Earlier this week First Look Media, the startup general news venture bankrolled by eBay founder Pierre Omidyar, announced the hiring of longtime Wall Street critic and Rolling Stone contributing editor Matt Taibbi. Such situations demand the use of the superlative, and First Look Media Executive Editor Eric Bates spilled forth, “Matt is one of the most influential journalists of our time.”
First Look Media is driven by the compulsion to spurn the conventions of the mainstream media, and in announcing Taibbi’s accession, it succeeded. By a hair. Traditional news outlets have settled on a fairly standard mode of implausibly praising colleagues and soon-to-be colleagues.
Late last month, for instance, The Post announced the hiring of the New York Times’ Catherine Rampell and called her “one of the smartest, most original journalists of her generation.” Uh-oh — she may have to compete with Politico’s Todd Purdum, who at the time of his hiring was “one of the most perceptive reporters and elegant stylists of his generation.” Politico is full of generational leaders, too, as Editor-in-Chief John Harris said of “Playbook” author Mike Allen: “One of the most exceptional journalists of his generation.” (Allen has a more humble view of himself as “one of Washington’s top journalists.“). Politico Magazine editor Susan Glasser was feted upon her hiring last year as “among the most respected thinkers and editors of her generation.” As opposed to Steve Coll, who was hailed as “one of the most experienced and respected journalists of his generation” upon being selected as dean of Columbia Graduate School of Journalism. Coll has written a great deal about the war on terrorism, so he’s doubtless familiar with the work of Gregory Johnsen, who, upon his selection as a BuzzFeed Michael Hastings fellow, was celebrated as “one of his generation’s wisest and most original voices on national security.” Both Coll and Johnsen, in turn, would be familiar with the work of John Pomfret, who over a quarter-century, per a Post memo, became “one of the great foreign correspondents of his generation.”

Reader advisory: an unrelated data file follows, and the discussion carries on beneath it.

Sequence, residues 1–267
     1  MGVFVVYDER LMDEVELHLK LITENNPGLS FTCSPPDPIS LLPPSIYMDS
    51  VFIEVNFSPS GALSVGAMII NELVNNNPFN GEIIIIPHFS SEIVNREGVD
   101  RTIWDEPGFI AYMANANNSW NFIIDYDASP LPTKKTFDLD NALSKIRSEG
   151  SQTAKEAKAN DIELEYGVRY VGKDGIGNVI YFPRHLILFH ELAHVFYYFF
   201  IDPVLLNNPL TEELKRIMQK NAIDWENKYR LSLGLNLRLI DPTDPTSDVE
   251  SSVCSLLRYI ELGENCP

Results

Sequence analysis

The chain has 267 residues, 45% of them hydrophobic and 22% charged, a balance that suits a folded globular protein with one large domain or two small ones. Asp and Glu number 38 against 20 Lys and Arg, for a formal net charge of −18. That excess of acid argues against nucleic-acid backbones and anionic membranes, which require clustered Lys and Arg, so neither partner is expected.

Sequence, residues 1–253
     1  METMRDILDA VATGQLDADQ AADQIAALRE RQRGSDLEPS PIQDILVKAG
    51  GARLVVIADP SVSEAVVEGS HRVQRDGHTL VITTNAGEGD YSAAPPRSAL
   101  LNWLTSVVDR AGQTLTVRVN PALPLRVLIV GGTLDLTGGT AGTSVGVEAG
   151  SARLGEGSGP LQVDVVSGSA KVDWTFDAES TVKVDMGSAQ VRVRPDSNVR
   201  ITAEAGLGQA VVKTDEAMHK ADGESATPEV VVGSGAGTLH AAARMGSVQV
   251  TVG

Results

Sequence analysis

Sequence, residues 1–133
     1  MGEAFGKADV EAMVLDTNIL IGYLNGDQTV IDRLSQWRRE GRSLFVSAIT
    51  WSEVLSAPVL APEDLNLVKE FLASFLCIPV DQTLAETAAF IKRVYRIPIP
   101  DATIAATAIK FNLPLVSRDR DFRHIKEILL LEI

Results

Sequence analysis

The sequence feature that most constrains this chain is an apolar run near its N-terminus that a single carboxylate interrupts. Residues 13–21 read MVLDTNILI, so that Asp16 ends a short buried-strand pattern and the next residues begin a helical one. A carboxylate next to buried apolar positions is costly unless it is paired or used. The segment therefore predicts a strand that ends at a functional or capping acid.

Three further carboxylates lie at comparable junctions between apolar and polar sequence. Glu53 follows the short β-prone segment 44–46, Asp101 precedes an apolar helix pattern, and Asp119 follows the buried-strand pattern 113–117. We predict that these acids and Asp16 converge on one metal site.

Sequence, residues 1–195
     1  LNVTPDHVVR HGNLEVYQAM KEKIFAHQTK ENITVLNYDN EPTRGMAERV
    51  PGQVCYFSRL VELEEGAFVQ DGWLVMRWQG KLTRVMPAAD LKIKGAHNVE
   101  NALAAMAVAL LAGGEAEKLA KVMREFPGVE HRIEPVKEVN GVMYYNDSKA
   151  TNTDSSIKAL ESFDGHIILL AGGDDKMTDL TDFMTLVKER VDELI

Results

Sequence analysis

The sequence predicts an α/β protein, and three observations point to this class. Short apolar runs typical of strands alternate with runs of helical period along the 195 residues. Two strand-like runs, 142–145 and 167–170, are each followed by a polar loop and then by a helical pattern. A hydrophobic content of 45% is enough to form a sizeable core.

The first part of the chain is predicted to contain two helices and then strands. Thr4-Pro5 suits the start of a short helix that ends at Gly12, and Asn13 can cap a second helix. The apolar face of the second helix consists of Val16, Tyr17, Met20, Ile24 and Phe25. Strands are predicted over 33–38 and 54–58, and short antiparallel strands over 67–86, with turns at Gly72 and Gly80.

If you put all these superlative talents in a single newsroom, you’d need someone to call the shots. That’s where Mark Stencel comes in: “one of the most experienced, versatile, serious and well-liked news leaders of his generation,” per an NPR memo. If he’s looking for more muscle on the campaign trail, Stencel could tap CNN’s John King, “the best political reporter of his generation.” MSNBC’s Irin Carmon — “a leading voice of her generation” — David Rohde — “one of the most brilliant and consequential journalists of his generation” — and CNN’s Anderson Cooper — “the preeminent journalist of his generation” — Nia-Malika Henderson — “one of the rising stars of her generation” — and Pia Catton — “the leading arts and culture reporter of her generation in New York and beyond.”
And no way can you leave out MSNBC.com’s Adam Serwer, credited in an MSNBC memo as “one of the only reporters of his generation to be included in The Root 100.”
Just goes to show: Though journalists may be trained to avoid sweeping statements, that doesn’t apply to dear colleagues.